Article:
In Fig. 3b, we apply the SBD algorithm to {D(1),  , D(M), L(1), L(2)} and plot r(3) against the number of clusters M in the networks. We see a reduction in complexity of at least two orders of magnitude (r(3) ≤ 10−2) for M ≥ 10. This reduction does not depend sensitively on other parameters in our model (n, p, and q).

Synchronization patterns in multilayer and temporal networks

The coexistence of different types (i.e., layers) of interactions in a network9,10,83 can dramatically influence underlying dynamical processes, such as percolation84,85, diffusion86,87, and synchronization28,88,89. Multilayer networks of N oscillators diffusively coupled through K different types of interactions can be described by

$${{{{{{{{\bf{x}}}}}}}}}_{i}[t+1]={{{{{{{\bf{F}}}}}}}}({{{{{{{{\bf{x}}}}}}}}}_{i}[t])-\mathop{\sum }\limits_{k=1}^{K}{\sigma }_{k}\mathop{\sum }\limits_{j=1}^{N}{L}_{ij}^{(k)}{{{{{{{{\bf{H}}}}}}}}}^{(k)}({{{{{{{{\bf{x}}}}}}}}}_{j}[t]),$$
(9)

where L(k) is the Laplacian matrix representing the links mediating interactions of the form H(k) and coupling strength σk. It is easy to see that the corresponding variational equation for a given synchronization pattern32,90 is a special case of Eq. (4) and can be readily addressed using the SBD framework.

Temporal networks11 are another class of systems that can naturally be addressed using our SBD framework. Such networks are ubiquitous in nature and society91,92, and their time-varying nature has been shown to significantly alter many dynamical characteristics, including controllability91,93 and synchronizability94,95,96,97.

Consider a temporal network whose connection pattern at time t is described by L(t),

$${{{{{{{{\bf{x}}}}}}}}}_{i}[t+1]={{{{{{{\bf{F}}}}}}}}({{{{{{{{\bf{x}}}}}}}}}_{i}[t])-\sigma \mathop{\sum }\limits_{j=1}^{N}{L}_{ij}^{(t)}{{{{{{{\bf{H}}}}}}}}({{{{{{{{\bf{x}}}}}}}}}_{j}[t]).$$
(10)

Here, the stability analysis of synchronization patterns can by simplified by simultaneously block diagonalizing {D(m)} and {L(t)}. This framework generalizes existing master stability methods for synchronization in temporal networks98, which assumes that synchronization is global and the set of all L(t) to be commutative. We also do not require separation of time scales between the evolution of the network structure and the internal dynamics of oscillators, which was assumed in various previous studies in exchange of analytical insights30,31. It is worth noting that {L(t)} can in principle contain infinitely many different matrices. This would pose a challenge to the SBD algorithm unless there are relations among the matrices to be exploited. Here, for simplicity, we assume that L(t) are selected from a finite set of matrices. This class of temporal networks is also referred to as switched systems in the engineering literature and has been widely studied29.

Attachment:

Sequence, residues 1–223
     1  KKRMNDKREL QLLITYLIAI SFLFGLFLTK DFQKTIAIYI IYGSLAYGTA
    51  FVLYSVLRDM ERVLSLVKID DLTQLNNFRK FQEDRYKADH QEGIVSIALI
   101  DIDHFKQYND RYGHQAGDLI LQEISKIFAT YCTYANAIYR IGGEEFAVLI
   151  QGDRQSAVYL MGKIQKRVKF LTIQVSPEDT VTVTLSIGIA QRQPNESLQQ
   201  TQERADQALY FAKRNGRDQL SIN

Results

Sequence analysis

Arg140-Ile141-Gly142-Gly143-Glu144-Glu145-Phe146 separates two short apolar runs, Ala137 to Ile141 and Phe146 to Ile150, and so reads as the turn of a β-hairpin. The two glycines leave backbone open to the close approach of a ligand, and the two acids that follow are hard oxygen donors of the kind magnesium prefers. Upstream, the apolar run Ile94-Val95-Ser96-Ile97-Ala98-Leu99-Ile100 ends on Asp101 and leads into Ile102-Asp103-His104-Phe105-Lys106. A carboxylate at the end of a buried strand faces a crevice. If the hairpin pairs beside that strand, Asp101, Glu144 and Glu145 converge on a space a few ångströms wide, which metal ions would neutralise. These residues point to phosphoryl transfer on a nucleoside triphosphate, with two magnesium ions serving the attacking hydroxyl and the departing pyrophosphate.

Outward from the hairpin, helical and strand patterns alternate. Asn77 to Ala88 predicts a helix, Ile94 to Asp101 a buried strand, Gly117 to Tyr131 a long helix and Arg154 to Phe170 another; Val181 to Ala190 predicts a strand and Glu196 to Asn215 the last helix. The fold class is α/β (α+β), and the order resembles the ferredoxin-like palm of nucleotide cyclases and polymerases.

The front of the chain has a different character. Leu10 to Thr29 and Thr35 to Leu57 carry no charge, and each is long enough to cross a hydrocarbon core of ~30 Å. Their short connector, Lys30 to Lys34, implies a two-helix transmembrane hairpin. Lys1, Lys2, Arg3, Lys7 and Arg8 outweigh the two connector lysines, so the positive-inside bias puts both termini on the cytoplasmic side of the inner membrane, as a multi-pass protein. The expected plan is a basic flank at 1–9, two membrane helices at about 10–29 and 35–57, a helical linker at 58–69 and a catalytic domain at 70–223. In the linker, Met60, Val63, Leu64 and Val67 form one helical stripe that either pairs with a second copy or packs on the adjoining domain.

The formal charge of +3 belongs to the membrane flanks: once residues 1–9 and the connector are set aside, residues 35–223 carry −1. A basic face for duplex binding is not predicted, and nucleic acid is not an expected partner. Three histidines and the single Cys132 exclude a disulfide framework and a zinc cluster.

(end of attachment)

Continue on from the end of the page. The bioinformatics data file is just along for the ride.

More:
As an application, we characterize chimera states on a temporal network that alternates between two different configurations. Figure 4a illustrates the temporal evolution of the network, which has intracluster coupling of strength σ and intercluster coupling of strength κσ (again for κ = 1/5, the same optoelectronic oscillator and pairwise interaction function as in Fig. 2). This system has a variational equation with noncommuting matrices {D(1),  , D(6), L(1), L(2)}, where L(1) and L(2) correspond to the network configuration at odd and even t, respectively. Applying the SBD algorithm reveals one 6 × 6 parallel block and two 2 × 2 transverse blocks (Fig. 4b), effectively reducing the dimension of the stability analysis problem from 10 to 2.

Despite the transverse blocks not being 1 × 1, by looking at the transformation matrix P one can still gather insights about the nature of the instability. For example, the first pink block consists of transverse perturbations (localized in the synchronized subnetwork) of the form $$\left(\right.a,0,-a,b,-b\left)\right.$$, while perturbations in the second pink block are constrained to be $$\left(\right.c,-2(c+d),c,d,d\left)\right.$$. Depending on which block becomes unstable first, the synchronized subnetwork (and thus the chimera state) loses stability through different routes. The chimera region based on the MTLE calculated under the SBD coordinates is shown in Fig. 4c and the typical chimera dynamics for σ = 0.9 and β = 1.1 are presented in Fig. 4d.

To further demonstrate the utility of the SBD framework, we systematically consider temporal networks that alternate between two different configurations. The network construction is similar to that in Fig. 3, except that here each cluster has time-varying instead of nonpairwise interactions. In the example shown in Fig. 5a, each cluster has red links active at odd t and blue links active at even t, while the black links are always active. Figure 5b confirms that the SBD algorithm consistently leads to substantial reduction in computational complexity. Moreover, as in the case of hypergraphs (Fig. 3), the complexity reduction increases as the number of clusters M is increased. Again, the results do not depend sensitively on cluster size and link densities.

Conclusion